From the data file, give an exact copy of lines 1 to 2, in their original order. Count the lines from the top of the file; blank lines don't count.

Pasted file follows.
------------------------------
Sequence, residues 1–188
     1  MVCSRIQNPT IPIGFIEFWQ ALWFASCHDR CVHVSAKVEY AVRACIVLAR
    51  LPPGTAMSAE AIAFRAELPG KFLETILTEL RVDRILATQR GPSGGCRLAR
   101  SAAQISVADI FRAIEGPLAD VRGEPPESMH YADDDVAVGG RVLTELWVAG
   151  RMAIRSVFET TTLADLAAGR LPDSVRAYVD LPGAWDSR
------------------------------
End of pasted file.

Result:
Sequence, residues 1–188
     1  MVCSRIQNPT IPIGFIEFWQ ALWFASCHDR CVHVSAKVEY AVRACIVLAR